Saturday, November 13, 2010
Hungur’s Strange Metaphors: An Exploration of Alien Desires
The vampires in Hungur are stranger than your typical human-vampire. And, as I read the Walpurgisnacht 2010 issue, I became fascinated with a particular type of vampire: the alien-vampire with undefined and elusive motivations. The metaphor of the unfamiliar is powerful. It resonates with the unknowable elements within our lives, within our personal relationships or within our ever-changing and sometimes bewildering society.
Hungur 10, offers intriguing stories in which alien-vampires have understandable motivation. I enjoyed Marge Simon’s And Babylon Shall Rise Again which tracked an alien-vampire race manipulating the progress of human history, and R.S. Pyne’s Blood Drive which explored the vampire myth through from the point of view of android whose mind hosted a cabal of vampire old ones.
. Good stories, but I was looking for something other. I wanted to dig a little deeper into the bones of the unknown and find the desires which hover on the cusp of perception.
Hungur’s two ‘first contact stories’, both feature alien-vampires and both stories are told though the eyes of a human.
In Dev Jarrett’s Monochrome Smile, a space crew encounter a being of mind control, an entity able to hypnotise unwary humans. This unique alien consumes it victims’ bodies and produces a human facsimile, rendered in monochrome sand. This alien doppelganger retains the memories of its victims and an understanding of human emotion. The alien’s constant refrain is that it wants to be loved. In a nice touch, the people on Earth are thrilled at the discovery of an alien life-form, oblivious to the possible dangers. The story charts the struggle of Gregor, a member of the crew, as he strives to escape the alien and the potential catastrophic outcomes of this first contact.
Robert Essig’s story, Patrolling the Outer Rim, gives another glimpse into first contact. A human patrol ship lands on a planet to investigate strange human-like readings. Once on planet, they discover creatures in a flux between life and death, but these undead creatures are the lures of an alien-vampire race. The human crew quickly find themselves under attack. Patrolling the Outer Rim is a fast-paced adventure story, detailing the struggle between the crew and the alien-vampires.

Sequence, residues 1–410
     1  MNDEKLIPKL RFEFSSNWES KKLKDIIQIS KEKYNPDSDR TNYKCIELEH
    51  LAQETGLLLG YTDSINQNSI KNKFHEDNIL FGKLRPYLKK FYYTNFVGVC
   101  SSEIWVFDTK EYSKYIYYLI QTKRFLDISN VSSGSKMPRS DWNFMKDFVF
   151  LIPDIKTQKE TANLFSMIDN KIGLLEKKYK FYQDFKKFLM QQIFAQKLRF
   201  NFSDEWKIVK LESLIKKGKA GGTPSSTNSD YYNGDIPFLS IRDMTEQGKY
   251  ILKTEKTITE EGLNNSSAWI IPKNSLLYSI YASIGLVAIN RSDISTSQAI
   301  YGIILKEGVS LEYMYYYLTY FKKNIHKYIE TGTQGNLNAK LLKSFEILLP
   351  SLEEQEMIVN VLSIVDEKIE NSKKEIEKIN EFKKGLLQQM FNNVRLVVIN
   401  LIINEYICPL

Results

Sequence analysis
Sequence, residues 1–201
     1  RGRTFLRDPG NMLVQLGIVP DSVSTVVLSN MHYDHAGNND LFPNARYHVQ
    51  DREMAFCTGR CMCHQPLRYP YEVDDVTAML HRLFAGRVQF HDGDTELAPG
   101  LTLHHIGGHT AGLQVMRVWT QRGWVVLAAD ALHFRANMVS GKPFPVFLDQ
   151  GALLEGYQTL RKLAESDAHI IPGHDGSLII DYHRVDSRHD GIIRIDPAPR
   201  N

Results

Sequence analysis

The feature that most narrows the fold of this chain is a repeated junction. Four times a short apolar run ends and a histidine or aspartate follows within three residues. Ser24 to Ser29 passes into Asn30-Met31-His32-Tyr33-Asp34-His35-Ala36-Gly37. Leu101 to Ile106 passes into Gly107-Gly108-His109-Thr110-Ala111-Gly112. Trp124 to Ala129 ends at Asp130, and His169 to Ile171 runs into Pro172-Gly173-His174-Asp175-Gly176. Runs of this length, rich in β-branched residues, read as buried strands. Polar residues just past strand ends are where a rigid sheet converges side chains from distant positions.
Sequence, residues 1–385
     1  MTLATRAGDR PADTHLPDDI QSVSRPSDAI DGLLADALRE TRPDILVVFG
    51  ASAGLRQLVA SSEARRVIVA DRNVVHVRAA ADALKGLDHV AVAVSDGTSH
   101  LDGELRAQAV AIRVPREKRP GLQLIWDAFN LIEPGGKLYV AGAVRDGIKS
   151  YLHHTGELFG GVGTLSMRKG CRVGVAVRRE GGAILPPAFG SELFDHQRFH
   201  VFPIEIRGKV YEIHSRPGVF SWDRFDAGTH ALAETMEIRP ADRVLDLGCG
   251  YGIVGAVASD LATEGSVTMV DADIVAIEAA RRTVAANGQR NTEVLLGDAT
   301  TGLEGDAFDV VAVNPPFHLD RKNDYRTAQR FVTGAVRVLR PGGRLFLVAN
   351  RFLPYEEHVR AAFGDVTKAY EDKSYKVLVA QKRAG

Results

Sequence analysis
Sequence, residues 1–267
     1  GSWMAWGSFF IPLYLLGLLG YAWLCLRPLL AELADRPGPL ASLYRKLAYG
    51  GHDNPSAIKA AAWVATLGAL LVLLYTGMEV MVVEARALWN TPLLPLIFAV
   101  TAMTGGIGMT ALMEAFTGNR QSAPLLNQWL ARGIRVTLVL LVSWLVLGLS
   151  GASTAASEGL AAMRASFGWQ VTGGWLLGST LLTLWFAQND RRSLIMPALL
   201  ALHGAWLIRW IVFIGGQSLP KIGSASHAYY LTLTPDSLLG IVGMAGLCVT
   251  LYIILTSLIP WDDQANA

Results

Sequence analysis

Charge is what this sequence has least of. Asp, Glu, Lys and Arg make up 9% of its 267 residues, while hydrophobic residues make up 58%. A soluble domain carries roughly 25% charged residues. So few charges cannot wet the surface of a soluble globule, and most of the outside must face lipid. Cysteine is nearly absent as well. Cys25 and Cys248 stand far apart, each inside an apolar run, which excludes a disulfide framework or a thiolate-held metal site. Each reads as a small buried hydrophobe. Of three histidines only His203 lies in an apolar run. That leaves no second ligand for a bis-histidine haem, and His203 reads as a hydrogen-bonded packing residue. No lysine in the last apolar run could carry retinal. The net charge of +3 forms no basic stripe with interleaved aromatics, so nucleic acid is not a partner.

Essig’s and Jarrett’s stories are both told from the point of view of the human characters and the motivations of the alien-vampires are not directly stated. Good stories, but I felt as if the stories demanded that I assign malevolent motivations to the alien-vampires. They did not quite capture the unknowable element I was seeking.
I found this elusive strangeness in a story and in a poem from writer and editor Terrie Leigh Relf. Her story Chimes of Bone has a dreamy, poetic quality which quickly established the strangeness of the setting with the depiction of the world’s three moons. This story is a cautionary tale: a warning to a young girl who has ventured into a forbidden place. The vampire creatures of this story seek the ‘secret codes’ in their victims’ blood which is needed for their transformation, first into monstrous creatures, and then into a disguise which allows them to blend into the native population. This story is full of wonderful strangeness and puzzling images, the narrator is revealed to be a ghost; the story echoes to the sound of the bones chime, made from the vampires’ victims; there are references to time distortion and to the recurring images of the world’s three moons. It is a lovely story full of unanswered questions.
Terrie Leigh Relf’s haibun poem balances strangeness and familiarity. The poem describes a wine tasting, but quickly establishes an unbalanced and weird world. The final haiku is particularly powerful.
Although it is a pity to reproduce it incompletely, I think this last haiku gives a flavour of the strangeness of Relf’s poem:
their contents spill
I am fascinated by the exploration of the strange. Hungur with its blending of the alien and vampire metaphors, within its axis of speculative incongruity is a good place to find such strangeness.
Hungur is published twice a year. You can purchase a copy ($12.50 + $2 S&H) from Sam's Dot's Genre Mall
Editorial guidelines can be found here.